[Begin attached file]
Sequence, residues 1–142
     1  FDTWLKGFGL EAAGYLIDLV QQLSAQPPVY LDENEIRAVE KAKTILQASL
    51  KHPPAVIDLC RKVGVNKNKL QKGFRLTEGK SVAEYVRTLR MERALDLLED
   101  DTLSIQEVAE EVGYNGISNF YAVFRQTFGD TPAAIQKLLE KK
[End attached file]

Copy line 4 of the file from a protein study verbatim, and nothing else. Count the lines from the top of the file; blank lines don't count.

   101  DTLSIQEVAE EVGYNGISNF YAVFRQTFGD TPAAIQKLLE KK